Yesterday's food feature in the Weekly described the escalating battle between downtown restaurants and food trucks parking on FiDi streets, which began after San Francisco introduced new -- and apparently flawed -- food-truck regulations in March. Last week, I spoke to Akash Kapoor, co-owner of Curry Up Now, whose truck at Bush and Sansome was one of the early arrivals downtown. I talked to Kapoor about competition, being a good neighbor, and how many trucks are too many for the neighborhood.
How long have you been parking in the Financial District now?
We actually purchased a truck that came with a permit two years ago, and we are in the process of getting permits for a new truck. Our hearing is coming up.
What opposition has Curry Up Now received from nearby businesses?
We have received a little, but you know, some of the nearby restaurants that have opened after us don't have too much to say because we were there before them. We're pretty conscious to not serve the same food. One of the reasons we chose the spot we're at now is that there's a Japanese place nearby, and no other restaurants, except a Freshii -- that's the only two restaurants on that block. We try to park in front of Wells Fargo, so there's no restaurant within 50 feet directly in front of there. And fortunately, no one else sells a tikka masala burrito.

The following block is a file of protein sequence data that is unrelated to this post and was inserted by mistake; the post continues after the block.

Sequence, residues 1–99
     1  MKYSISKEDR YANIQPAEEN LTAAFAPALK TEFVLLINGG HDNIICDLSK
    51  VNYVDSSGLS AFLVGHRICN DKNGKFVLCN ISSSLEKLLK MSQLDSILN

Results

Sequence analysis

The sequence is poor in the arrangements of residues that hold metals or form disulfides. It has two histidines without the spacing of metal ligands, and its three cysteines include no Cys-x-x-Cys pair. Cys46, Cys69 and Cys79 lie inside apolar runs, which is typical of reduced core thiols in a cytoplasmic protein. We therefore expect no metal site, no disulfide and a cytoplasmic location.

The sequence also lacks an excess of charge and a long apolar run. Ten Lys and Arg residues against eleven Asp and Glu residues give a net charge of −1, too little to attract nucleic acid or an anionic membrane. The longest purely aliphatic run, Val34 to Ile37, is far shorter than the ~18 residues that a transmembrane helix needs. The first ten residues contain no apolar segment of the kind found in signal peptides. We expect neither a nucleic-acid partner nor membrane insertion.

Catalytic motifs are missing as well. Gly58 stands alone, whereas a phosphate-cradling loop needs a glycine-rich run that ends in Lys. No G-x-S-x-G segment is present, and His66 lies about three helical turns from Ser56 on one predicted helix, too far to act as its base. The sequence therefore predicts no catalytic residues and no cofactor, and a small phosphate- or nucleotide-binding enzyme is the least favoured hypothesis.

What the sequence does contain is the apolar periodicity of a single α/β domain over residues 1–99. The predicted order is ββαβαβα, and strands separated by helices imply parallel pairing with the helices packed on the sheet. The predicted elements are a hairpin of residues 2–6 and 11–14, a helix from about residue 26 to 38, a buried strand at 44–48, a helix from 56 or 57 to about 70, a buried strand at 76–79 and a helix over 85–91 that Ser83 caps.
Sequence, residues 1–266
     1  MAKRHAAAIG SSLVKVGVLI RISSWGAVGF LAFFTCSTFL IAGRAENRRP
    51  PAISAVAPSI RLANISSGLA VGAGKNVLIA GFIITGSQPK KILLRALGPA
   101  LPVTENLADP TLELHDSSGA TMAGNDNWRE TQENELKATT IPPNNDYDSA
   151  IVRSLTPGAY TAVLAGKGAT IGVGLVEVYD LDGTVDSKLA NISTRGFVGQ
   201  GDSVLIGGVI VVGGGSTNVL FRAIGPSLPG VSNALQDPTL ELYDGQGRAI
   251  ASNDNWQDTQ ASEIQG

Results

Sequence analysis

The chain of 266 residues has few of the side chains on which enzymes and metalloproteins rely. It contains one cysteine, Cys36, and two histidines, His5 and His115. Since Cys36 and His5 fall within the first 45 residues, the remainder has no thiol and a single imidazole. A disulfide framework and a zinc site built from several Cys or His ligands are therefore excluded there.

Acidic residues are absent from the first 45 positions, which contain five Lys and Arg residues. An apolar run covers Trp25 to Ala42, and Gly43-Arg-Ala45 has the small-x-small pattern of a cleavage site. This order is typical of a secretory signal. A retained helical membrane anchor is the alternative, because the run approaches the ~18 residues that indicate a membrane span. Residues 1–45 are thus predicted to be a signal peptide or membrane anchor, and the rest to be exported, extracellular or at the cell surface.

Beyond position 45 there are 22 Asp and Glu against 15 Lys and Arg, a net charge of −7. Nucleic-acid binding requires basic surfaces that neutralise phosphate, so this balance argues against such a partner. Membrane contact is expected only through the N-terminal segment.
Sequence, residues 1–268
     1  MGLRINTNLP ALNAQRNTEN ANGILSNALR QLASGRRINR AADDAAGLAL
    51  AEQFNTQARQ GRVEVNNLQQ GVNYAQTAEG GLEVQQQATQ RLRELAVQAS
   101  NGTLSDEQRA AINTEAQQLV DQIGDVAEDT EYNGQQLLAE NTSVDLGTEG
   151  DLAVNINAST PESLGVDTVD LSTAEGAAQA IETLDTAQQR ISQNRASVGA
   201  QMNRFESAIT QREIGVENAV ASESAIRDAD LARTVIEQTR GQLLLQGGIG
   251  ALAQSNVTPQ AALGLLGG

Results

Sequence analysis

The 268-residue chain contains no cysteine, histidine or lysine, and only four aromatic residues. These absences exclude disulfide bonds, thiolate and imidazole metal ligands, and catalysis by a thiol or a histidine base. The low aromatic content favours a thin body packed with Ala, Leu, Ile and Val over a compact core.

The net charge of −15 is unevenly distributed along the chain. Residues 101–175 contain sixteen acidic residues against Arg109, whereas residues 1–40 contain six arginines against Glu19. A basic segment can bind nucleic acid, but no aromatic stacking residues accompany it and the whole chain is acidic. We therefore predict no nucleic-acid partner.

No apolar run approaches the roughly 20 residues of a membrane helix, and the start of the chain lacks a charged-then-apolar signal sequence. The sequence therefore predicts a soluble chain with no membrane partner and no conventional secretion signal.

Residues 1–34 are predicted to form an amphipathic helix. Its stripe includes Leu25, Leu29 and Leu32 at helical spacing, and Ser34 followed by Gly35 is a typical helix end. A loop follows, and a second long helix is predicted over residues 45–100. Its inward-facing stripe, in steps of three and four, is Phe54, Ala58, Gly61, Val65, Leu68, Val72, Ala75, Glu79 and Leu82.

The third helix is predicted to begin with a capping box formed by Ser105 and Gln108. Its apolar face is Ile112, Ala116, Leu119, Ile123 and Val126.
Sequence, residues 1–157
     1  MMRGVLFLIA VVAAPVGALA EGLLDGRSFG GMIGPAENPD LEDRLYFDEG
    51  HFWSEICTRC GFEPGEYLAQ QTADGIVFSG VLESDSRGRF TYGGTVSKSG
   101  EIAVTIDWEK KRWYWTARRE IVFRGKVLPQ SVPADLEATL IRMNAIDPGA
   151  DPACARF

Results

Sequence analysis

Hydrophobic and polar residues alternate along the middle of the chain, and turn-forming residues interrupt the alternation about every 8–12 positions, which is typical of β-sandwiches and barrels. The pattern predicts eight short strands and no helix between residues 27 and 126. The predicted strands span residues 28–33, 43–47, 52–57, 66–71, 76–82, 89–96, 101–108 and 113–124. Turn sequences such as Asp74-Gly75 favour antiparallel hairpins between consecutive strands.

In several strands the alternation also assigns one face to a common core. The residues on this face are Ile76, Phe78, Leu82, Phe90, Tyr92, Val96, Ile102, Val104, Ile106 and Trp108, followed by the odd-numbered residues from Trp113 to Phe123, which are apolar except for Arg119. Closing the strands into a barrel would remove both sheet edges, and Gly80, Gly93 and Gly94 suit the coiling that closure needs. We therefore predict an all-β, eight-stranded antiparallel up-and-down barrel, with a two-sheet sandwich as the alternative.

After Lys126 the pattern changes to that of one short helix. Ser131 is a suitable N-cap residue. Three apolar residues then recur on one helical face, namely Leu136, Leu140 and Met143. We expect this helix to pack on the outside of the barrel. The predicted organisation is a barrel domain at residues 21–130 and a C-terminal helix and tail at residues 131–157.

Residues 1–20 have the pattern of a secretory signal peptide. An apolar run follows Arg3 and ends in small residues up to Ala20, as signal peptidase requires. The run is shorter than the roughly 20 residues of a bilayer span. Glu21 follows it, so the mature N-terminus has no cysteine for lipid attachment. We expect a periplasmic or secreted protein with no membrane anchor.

In addition, we've encouraged the coffee shop that's next to us to pass out samples to people waiting in line for Curry Up Now. He says his business has gotten better because of us being there. Every couple of months, some restaurant will call the cops on us, and we'll have someone stop by and ask to see our license. Apart from that, relations have been pretty good.
How many food trucks do you think downtown can support?
I think we're already there. Have you seen our spot? We have a Mexican truck [San Buena] there all day -- he was there before us -- we just got a grilled cheese truck [Toasty Melts] within 50 feet on Sansome, then the other Indian truck [Kasa] and a cupcake truck [CupKate's] around the corner. Our business has slowed down. Food trucks have to get a little more creative, because at this point, we're just going to drive down each others' business or piss off more restaurants.
That's why you have to go outside. Hit the dinner crowd, for example. Everyone wants to do lunch, but what about the people who want to go home? Also look on the fringes of the neighborhood, or even go outside the city. My restaurant is in San Mateo, and I'm amazed at how much dot-com business there is here. We have no foot traffic around our restaurant and 300 people still show up for lunch.